The RC1 design is based somewhat on the Alexander 6.5 Grendel Incursion, which is relatively light and fires one of the most effective general-purpose cartridges yet devised for modern sporting rifles. The Incursion, however, isn’t everything that I want it to be.

It’s slightly longer than I prefer for close-quarters maneuvering. More importantly, it still relies on the direct-impingement gas system that got M16 operators killed in Vietnam.

But thanks to the versatility and popularity of Eugene Stoner’s modular AR-15 design —upon which the M16 and the Incursion are based—, we now have a standardized means of interchanging parts to fit the needs and wants of the shooter. The RC1 will take advantage of this in two important ways.

  • Certain part selections, inspired by PDWs and by AR15A3-derived ultralight carbines, will serve to make the RC1 lighter and more maneuverable.

  • The bolt will be cycled by a gas piston, based on the Armalite AR-180 design, which has proven substantially more reliable than direct gas impingement.

Piston gas systems consistently outperform direct-impingement systems in reliability tests, as they did in a 2007 test by the U.S.Army.


The barrel of the RC1 will be of the standard 16” carbine length, just long enough to avoid the red tape associated with a short-barreled rifle. This length also produces high enough muzzle velocity and bullet energy for practical medium-range use. The muzzle brake will be a short, single-chamber model to minimize the added weight and length.


The RC1 will have a very short, fixed-length buttstock to shift its mass closer to the shooter’s body where it’s most easily supported. With the 33° grip angle that’s most common in modern carbines, this position would be uncomfortable for the wrist of the shooter’s dominant hand; so the RC1’s grip will instead be nearly vertical as in a PDW. This weapon will be as lightweight as practicable, in order to limit muscle fatigue so the shooter can more easily keep his sights steady on the target.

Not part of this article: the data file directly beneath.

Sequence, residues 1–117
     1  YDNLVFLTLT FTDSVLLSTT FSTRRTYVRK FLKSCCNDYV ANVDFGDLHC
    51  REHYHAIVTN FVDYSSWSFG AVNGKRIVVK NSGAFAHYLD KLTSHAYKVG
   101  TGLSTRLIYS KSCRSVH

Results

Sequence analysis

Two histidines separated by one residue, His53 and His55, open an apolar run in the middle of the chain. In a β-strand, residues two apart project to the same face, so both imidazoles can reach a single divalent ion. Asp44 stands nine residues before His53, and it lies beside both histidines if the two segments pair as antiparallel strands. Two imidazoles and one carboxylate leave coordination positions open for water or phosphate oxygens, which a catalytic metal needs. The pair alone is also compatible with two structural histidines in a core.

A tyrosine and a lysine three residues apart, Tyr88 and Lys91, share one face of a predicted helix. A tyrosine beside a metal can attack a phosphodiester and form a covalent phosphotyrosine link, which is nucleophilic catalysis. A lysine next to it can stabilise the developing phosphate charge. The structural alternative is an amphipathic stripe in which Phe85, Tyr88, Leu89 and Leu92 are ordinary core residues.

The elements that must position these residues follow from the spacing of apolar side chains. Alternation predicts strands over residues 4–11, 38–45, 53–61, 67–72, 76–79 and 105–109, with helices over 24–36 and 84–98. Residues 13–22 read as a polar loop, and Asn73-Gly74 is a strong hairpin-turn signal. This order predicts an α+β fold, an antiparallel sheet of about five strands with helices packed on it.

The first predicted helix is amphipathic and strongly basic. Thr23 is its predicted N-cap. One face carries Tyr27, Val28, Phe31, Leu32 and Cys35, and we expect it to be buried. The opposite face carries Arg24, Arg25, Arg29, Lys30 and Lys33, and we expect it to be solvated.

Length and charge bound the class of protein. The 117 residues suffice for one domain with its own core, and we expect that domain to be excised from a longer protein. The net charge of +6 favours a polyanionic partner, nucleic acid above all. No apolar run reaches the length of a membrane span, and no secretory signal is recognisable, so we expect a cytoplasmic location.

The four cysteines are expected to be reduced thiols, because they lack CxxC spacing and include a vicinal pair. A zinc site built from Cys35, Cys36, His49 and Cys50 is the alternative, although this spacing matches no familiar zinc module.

The RC1 will be equipped with two sighting systems:

  • A lightweight fixed-power riflescope, for 100- to 500-yard engagements
  • Offset iron sights, optimized for quick target acquisition within 100 yards


Progress on this project is as follows. Initially, a few paper parts stand in for some of the major parts that I have not yet acquired. With a scope and a full magazine, I anticipate a total weight of about 6.8 pounds, and a total length of about 32 inches.

This Anderson receiver set (8.7-oz lower, 6.7-oz upper) from Wisconsin has no ejection-port cover and no forward assist, frills which frankly aren't worth their weight. The receivers are held together by 2A Armament titanium takedown pins made in southeast Boise, adding 0.1 oz. The TacStar 10" carbon-fiber handguard weighs in at 7.3 oz, mounting hardware included. I envision a short skeleton stock, a grip angle of about 14°, and about a 5X scope. 2018-07-05 — Initial concept

I've decided on this Japanese fixed-power 6X scope which, without mounting rings, weighs 9.8 oz. 2018-07-27 — Weaver K6 scope (paper model)

This carbon-fiber buttstock, produced within spitting distance of my daily commute through Boise, weighs just 2.33 oz. Compared to other stocks with an integral buffer tube, it appears to be the lightest on the planet. 2018-07-31 — Incognito Arms buttstock

This 5.9-oz Israeli magazine is made of steel, making it stronger than the aluminum USGI models that are prone to bending of the feed lips. Up until this point, the magazine in photographs has been a paper model, but the real magazines finally made it through customs. The grip is still paper but now represents a 13° Ergo Swift Grip. Most importantly, this grip lacks the backstrap of the Tactical Link PDW grip pictured previously, putting the palm higher for better recoil control and farther forward to make all all finger controls easier to reach. 2018-11-14 — E-Lander 17-round magazine (steel) & Ergo Swift Grip (paper)


When the RC1 is complete, I will assess the performance of this weapon in a future post. I’ll provide a link here to make it easy on you.

Subscribe to GridScout™ Blog: Atom feed